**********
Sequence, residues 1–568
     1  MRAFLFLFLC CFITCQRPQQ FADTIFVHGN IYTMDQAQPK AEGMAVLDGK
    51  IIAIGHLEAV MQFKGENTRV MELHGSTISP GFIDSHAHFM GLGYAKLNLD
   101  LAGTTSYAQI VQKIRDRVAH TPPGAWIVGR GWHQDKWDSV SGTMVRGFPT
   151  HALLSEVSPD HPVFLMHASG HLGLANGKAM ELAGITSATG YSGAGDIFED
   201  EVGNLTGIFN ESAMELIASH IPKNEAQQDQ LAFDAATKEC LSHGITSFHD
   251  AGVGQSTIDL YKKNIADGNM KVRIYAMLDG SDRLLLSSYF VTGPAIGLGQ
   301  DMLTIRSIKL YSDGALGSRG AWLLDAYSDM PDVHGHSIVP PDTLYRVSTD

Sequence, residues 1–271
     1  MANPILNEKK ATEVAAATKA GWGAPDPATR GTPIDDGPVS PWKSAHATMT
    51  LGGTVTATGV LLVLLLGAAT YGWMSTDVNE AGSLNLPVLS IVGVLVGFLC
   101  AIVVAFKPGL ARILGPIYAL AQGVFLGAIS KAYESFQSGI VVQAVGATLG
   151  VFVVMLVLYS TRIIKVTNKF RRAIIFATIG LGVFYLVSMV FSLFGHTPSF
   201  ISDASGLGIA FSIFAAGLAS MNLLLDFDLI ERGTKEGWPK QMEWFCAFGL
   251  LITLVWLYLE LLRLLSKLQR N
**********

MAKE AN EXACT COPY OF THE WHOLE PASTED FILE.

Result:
Sequence, residues 1–568
     1  MRAFLFLFLC CFITCQRPQQ FADTIFVHGN IYTMDQAQPK AEGMAVLDGK
    51  IIAIGHLEAV MQFKGENTRV MELHGSTISP GFIDSHAHFM GLGYAKLNLD
   101  LAGTTSYAQI VQKIRDRVAH TPPGAWIVGR GWHQDKWDSV SGTMVRGFPT
   151  HALLSEVSPD HPVFLMHASG HLGLANGKAM ELAGITSATG YSGAGDIFED
   201  EVGNLTGIFN ESAMELIASH IPKNEAQQDQ LAFDAATKEC LSHGITSFHD
   251  AGVGQSTIDL YKKNIADGNM KVRIYAMLDG SDRLLLSSYF VTGPAIGLGQ
   301  DMLTIRSIKL YSDGALGSRG AWLLDAYSDM PDVHGHSIVP PDTLYRVSTD

Sequence, residues 1–271
     1  MANPILNEKK ATEVAAATKA GWGAPDPATR GTPIDDGPVS PWKSAHATMT
    51  LGGTVTATGV LLVLLLGAAT YGWMSTDVNE AGSLNLPVLS IVGVLVGFLC
   101  AIVVAFKPGL ARILGPIYAL AQGVFLGAIS KAYESFQSGI VVQAVGATLG
   151  VFVVMLVLYS TRIIKVTNKF RRAIIFATIG LGVFYLVSMV FSLFGHTPSF
   201  ISDASGLGIA FSIFAAGLAS MNLLLDFDLI ERGTKEGWPK QMEWFCAFGL
   251  LITLVWLYLE LLRLLSKLQR N